Road Trip — Part Five

Road Trip—Part Five

It’s Still a Goldilocks Market

A Bubble in Burgers?

Profiting from the Trend toward Healthier Food

Welcome to the fifth and final chapter of my travelog on my recent 17-day 4,218-mile road trip to and through the American midwest and back.

Today, I wrap up the series with 10 notable things encountered on the trip that were unexpected—presented in the order they were encountered.

1. Ice at Niagara Falls

Big, car-sized chunks of ice remained at the base of the falls in early May, sheltered from the sun and generally kept cool by the continuous chilly spray from the falls.

2. Wind Turbines in Ontario (and Iowa)

We saw hundreds of them, mile after mile after mile, spinning silently as they drew energy from the wind and sent it to power collection stations somewhere over the horizon.

3. CHEESE in Wisconsin

More specifically, the big yellow CHEESE signs on barns (sometimes accompanied by MEAT signs) that beckon the cheese-starved traveler.

4. Hennepin in Minneapolis

I was familiar with the exploits of Father Louis Hennepin, the Catholic priest and missionary who was responsible for telling Europeans about Niagara Falls because of the beautiful label on one of my favorite beers, a farmhouse saison by Brewery Ommegang.


But I didn’t know that in 1680 Hennepin had been captured by the Sioux and taken to present-day Minneapolis, where he was the first white man to view Saint Anthony Falls (the only waterfall of its height on the Mississippi River).

Eventually allowed to leave, Hennepin returned to France and lived to the ripe age of 79. What a guy.

5. “Do You Own Your Own Home?”

This phrase is the shibboleth (a peculiarity of pronunciation, behavior, mode of dress, etc., that distinguishes a particular class or set of persons) that serves in Minnesota to distinguish natives—or, even better, those from the original Scandinavian countries—from the rest. In Boston, the shibboleth is “Park the car in Harvard yard.”

6. Mayflies and Surly Cynic Ale

I’d never seen mayflies before, and never enjoyed a Surly Cynic Ale, but both were part of a lovely Saturday fish taco lunch at The Landing Patio Bar and Grill in Clear Lake, Iowa, where for a brief time I indulged in the fantasy that life could revolve around nothing more than boats, beer and fishing.

7. Quapaw, Oklahoma

The enormous man-made mountains we saw in the distance in Quapaw, Oklahoma, were obviously tailings from some mining operation, and my first guess was that they were from the 3M Ceradyne plant we passed. I learned later that Ceradyne Boron Products is the leading global commercial processor of enriched boron and is the largest boron isotope enrichment facility in the world.

According to the Ceradyne website, “The 10Boron isotope is a strong neutron absorber and is used for both nuclear waste containment and nuclear power plant neutron radiation control. The 11Boron isotope is used as an additive to semiconductor grade silicon as a “doping” agent and in other semiconductor processes where ultra high purity boron (UHP) is required.”

But 3M and Ceradyne are not to blame for those mountains, which date back as far as the 1870s, when the Bureau of Indian Affairs sold land belonging to the Quapaw tribe to mining companies, who proceeded to extract lead and zinc from the land, leaving those mountains of tailings (called “chat” locally). Today they’re estimated to hold 75 million tons of waste, contaminated with heavy metals—mainly lead, zinc and cadmium.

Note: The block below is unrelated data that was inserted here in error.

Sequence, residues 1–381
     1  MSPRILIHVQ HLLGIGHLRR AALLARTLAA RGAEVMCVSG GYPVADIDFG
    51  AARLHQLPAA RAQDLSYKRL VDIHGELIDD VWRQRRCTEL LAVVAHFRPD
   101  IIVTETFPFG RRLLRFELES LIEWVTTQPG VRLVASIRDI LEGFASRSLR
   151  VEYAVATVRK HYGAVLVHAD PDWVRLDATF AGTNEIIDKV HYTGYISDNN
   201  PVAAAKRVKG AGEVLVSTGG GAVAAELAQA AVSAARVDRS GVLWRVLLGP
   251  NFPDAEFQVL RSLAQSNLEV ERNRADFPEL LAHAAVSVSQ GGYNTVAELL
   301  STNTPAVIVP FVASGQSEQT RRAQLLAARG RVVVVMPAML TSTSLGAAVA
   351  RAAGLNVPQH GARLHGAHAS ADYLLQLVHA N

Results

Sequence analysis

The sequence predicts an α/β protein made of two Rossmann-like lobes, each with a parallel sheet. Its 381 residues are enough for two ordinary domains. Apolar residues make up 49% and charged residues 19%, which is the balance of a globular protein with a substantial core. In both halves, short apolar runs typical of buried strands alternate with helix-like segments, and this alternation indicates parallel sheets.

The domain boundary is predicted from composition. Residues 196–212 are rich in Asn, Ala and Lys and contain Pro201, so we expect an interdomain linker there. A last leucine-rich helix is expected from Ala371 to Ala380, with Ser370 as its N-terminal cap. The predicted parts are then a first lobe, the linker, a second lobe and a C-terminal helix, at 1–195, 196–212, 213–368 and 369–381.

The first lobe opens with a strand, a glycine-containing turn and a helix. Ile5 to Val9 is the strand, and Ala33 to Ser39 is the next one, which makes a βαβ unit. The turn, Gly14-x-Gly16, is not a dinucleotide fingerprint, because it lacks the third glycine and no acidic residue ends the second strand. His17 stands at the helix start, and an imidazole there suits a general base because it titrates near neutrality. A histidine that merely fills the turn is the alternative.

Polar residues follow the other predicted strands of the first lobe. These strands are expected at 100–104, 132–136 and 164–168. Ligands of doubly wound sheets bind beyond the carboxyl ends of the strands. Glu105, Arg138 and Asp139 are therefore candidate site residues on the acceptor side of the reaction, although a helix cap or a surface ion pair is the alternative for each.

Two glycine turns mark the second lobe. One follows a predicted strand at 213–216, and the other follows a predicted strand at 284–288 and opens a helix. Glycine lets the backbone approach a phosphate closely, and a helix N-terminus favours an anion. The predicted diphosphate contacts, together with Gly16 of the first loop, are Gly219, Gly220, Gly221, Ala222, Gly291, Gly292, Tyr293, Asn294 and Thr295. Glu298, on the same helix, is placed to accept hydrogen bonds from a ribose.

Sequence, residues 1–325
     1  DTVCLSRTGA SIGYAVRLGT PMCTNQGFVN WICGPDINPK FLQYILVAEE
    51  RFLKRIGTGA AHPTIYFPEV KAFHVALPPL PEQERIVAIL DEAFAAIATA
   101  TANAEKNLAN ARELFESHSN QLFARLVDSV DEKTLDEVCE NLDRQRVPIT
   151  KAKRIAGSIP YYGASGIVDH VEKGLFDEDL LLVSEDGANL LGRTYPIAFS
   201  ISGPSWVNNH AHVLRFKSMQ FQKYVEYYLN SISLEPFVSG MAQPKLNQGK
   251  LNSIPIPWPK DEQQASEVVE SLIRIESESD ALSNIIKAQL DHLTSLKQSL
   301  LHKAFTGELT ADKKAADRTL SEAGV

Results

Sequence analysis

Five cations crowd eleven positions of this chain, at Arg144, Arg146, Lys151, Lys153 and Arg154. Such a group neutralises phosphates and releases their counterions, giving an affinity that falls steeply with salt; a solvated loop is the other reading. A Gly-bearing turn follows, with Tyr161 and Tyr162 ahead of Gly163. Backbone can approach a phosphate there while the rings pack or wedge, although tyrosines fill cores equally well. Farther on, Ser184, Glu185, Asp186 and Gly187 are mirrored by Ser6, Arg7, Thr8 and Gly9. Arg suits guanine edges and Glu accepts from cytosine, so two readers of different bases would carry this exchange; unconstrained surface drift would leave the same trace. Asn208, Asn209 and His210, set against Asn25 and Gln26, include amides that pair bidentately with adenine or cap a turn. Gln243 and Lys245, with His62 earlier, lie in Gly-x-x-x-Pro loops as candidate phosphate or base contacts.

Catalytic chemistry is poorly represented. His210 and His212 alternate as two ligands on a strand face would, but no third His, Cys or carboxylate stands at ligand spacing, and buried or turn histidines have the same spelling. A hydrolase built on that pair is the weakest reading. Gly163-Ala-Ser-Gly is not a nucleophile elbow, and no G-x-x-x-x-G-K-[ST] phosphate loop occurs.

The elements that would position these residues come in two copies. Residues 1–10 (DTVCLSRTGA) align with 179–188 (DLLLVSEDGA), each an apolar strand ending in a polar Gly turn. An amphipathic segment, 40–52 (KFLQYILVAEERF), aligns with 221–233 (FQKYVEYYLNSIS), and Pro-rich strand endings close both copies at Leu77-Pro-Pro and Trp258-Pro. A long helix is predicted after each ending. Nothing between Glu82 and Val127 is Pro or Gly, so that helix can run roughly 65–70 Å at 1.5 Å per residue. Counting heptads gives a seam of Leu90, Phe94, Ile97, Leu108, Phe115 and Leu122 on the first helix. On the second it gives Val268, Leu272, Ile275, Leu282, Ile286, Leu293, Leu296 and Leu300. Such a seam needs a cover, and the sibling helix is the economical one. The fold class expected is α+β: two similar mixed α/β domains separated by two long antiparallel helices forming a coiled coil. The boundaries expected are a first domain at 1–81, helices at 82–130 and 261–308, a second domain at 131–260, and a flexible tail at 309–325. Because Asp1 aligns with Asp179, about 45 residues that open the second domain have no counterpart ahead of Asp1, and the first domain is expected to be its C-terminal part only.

Mining persisted in Quapaw until 1970, but most of the companies involved are long gone. In 1979, acid drainage from the flooded mines began leaking out into Tar Creek, eventually killing all the fish. In 1983, the EPA listed the 40-square-mile site on its National Priorities List, making it one of the first Superfund Sites, and later named it one of the most toxic areas in the U.S. In 2013, the Quapaw Tribe became the first tribe in the country to manage a portion of a Superfund Site cleanup, and they were so successful that this year the EPA awarded the tribe a contract to clean up a third portion of the site, a 20-acre section.

8. Elk in the Ozarks

Driving through the Ozarks, I was surprised to a sign warning of elk. We’d seen plenty of dead deer on the roadside (pretty much the whole trip) but the idea of elk in Arkansas was new to me.

Turns out elk were abundant in Arkansas (and many other states) until the 1840s, but as white men moved west, they disappeared—along with buffalo, black bears, prairie chickens and ruffed grouse.

In 1933, the U.S. Forest Service brought some Rocky Mountain elk to Arkansas, and the herd increased to almost 200 elk by the 1950s before disappearing.

Then in 1981, the Arkansas Game and Fish Commission entered into an agreement with the state of Colorado to trade elk for Arkansas largemouth bass, and over the next two decades, the Arkansas herd grew to almost 500. An elk hunting season was initiated in 1998, and today, the elk are a major attraction for tourists. We didn’t see any.

9. High Water in Little Rock

This is what the west bank of the Arkansas River looked like on May 12, the day we visited the Clinton Presidential Library.


The river crested at 20 feet that day. Official flood level is 23 feet. My feet stayed dry.

10. Bass Pro Shop in Memphis

Not long ago, the iconic glass-covered Pyramid in Memphis, opened in 1991, was used for basketball games, boxing matches and rock concerts. But financially, the city-owned venue always struggled.

Now, its sole tenant is the biggest-ever Bass Pro Shop, which opened on April 29 and has a 55-year lease. This is not just the largest hunting and fishing store in the world; it also includes a 100-room hotel, restaurant, archery range, shooting range, laser arcade, bowling alley, saltwater aquarium and the tallest freestanding elevator in America which takes visitors to the “Sky High Catfish Cabin,” a restaurant, bar, and aquarium at the top of the building. We visited, were both awed and amused, and didn’t buy a thing.

And that completes my road trip posts, save for these suggestions to you about your own future travels.